Tuesday, July 7, 2009

#0008 CG Supervisor's Shot Breakdown, part 2 - Types of breakdowns

When breaking down a CG project, the CG Supervisor has several types of breakdowns to choose from, including the ballpark estimate, sampled estimate, production budget, and production plan and resource analysis. Preparing the right kind of breakdown for the situation can reflect greatly on your critical judgment and performance as a CG supervisor.

In my last post we examined some approaches to cost estimation: widget counting, difficulty ranking, attribute classification and difficulty ranked attribute classification (#0007). Today we will examine
the types of breakdowns (#0008). In our next post we will look at how to choose what's best (#0009). In Part 4, (#0010), we will conclude with how to format the breakdown presentation.


What kind of breakdown?
A few good choices
As a CG Supervisor you have several basic choices in your breakdown, including the ballpark estimate, which makes a loose commitment of time and money; the sampled estimate, which uses a portion of the shots as a sample and extrapolates costs from that; the production budget, which could look solely at labor but may include other costs; the production plan, which leaves out cost and focuses only on time; and the resource analysis, which subordinates most details to focus on resource needs. These are a few ways to classify the types of breakdowns; the boundaries may be fuzzy or arbitrary, but it allows us to discuss breakdowns in terms of your objectives and audience.

Essentials of any estimate
No matter what kind of breakdown you are preparing, there are certain essentials that must always be present.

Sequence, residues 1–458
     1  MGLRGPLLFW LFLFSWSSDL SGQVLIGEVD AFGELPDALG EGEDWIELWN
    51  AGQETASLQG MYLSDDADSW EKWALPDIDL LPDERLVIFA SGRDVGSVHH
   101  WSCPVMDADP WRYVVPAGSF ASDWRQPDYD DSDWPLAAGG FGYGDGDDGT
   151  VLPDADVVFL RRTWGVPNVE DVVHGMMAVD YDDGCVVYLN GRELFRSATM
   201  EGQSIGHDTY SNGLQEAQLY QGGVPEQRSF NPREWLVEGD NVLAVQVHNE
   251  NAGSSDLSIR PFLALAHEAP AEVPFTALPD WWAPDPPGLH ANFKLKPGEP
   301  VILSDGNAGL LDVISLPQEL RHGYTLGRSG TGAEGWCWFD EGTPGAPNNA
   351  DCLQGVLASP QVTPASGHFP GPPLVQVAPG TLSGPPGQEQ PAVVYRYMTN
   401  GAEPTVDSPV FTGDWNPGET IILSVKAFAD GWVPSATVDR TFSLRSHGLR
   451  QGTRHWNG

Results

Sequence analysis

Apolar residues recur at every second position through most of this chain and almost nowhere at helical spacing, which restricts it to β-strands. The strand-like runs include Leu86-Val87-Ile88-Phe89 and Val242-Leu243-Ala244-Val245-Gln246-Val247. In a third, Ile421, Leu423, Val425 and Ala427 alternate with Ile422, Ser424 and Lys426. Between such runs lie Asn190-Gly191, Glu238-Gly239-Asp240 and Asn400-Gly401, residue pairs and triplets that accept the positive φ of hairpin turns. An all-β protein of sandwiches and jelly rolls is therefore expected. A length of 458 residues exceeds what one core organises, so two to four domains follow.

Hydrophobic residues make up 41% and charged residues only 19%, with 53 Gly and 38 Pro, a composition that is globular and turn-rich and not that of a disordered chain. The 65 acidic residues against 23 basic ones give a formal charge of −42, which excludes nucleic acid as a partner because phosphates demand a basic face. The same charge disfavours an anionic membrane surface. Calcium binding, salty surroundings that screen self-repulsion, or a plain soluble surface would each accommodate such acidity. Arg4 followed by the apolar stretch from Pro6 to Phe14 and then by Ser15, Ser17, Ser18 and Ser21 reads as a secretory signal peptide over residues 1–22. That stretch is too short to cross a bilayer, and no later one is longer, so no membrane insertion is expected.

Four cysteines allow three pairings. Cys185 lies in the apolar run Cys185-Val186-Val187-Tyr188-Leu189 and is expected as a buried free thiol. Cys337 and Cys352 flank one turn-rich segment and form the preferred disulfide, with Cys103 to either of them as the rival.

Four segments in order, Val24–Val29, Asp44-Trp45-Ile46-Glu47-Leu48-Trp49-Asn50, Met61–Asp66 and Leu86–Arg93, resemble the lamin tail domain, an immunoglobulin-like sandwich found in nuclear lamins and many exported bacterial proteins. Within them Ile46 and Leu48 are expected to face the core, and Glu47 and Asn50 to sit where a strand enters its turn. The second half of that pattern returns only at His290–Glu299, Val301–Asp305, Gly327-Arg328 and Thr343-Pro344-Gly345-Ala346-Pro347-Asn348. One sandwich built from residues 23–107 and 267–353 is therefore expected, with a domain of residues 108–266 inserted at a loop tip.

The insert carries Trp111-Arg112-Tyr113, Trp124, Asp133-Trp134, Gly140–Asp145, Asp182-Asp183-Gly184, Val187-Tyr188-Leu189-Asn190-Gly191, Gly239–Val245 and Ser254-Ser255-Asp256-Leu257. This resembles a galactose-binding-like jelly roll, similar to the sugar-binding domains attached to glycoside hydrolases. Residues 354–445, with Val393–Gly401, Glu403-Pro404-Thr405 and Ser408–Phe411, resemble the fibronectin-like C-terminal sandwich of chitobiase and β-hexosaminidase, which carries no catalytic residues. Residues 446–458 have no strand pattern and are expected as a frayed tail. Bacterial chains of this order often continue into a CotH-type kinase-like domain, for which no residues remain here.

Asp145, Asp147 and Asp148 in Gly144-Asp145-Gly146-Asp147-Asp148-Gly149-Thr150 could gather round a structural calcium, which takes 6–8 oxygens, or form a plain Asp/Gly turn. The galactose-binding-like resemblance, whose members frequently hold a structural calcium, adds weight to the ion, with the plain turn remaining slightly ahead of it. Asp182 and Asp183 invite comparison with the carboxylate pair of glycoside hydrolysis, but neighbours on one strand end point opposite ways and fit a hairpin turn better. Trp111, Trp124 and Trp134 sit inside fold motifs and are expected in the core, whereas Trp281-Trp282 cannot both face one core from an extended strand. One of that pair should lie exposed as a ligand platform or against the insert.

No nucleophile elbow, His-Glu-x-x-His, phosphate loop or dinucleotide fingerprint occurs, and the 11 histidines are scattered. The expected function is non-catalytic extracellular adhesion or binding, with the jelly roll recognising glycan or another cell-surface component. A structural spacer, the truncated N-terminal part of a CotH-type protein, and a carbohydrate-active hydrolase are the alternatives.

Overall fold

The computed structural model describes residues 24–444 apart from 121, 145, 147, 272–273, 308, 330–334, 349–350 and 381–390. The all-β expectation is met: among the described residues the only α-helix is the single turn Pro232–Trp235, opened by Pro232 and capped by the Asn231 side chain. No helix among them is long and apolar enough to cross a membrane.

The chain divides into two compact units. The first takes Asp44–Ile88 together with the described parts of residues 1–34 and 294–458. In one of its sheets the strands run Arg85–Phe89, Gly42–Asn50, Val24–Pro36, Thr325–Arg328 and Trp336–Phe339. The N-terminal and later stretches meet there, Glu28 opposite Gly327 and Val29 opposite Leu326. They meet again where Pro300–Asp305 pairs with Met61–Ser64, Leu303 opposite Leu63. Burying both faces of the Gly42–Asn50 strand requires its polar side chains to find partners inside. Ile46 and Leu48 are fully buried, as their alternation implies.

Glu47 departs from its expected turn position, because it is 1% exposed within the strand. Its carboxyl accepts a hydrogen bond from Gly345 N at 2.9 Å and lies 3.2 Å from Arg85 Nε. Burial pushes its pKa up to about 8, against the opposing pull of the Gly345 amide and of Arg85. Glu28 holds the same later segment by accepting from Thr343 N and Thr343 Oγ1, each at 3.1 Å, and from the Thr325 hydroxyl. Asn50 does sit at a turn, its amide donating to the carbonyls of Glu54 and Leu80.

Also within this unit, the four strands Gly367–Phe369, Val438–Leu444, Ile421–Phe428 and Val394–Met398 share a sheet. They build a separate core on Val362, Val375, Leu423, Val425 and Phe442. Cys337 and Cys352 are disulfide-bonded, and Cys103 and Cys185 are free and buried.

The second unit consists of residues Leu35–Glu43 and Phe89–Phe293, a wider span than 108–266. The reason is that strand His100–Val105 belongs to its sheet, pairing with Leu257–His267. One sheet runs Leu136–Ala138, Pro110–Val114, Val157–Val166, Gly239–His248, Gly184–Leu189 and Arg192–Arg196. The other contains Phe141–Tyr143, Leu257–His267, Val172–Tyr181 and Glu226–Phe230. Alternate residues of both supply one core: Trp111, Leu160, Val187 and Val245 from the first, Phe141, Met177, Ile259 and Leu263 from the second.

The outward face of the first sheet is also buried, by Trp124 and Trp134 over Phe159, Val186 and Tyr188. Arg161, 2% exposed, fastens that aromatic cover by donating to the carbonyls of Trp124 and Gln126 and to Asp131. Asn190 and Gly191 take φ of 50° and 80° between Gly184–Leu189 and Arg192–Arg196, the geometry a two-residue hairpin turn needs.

• Job related specifics: who, what, when due, when work must start (to avoid additional fees), and contact information (yours and theirs). Put your name on it. (Prepared by)
  • Validity period: most estimates expire after 30 or 60 days. Give the current date and the expiration date or period.
  • Scope of work description. It is vital to specify and limit the scope of work.

The ballpark estimate

Most supervisors are familiar with the ballpark. In its simplest form, it's a quick review of the available information and a brief oral statement or email with a number. At this level it's usually the least responsible and least reliable of estimates. What we want to consider is the written ballpark, sometimes called the estimate or budget estimate.

The important thing to consider when preparing a ballpark is whether your audience will view it as a ballpark and respect it as such. It does you no good at all if your audience considers it a firm number. Because the tendency for producers and others to do so will be high, you should remember to clearly state on the document itself and in accompanying documents that this is a rough estimate or ballpark and as such not binding.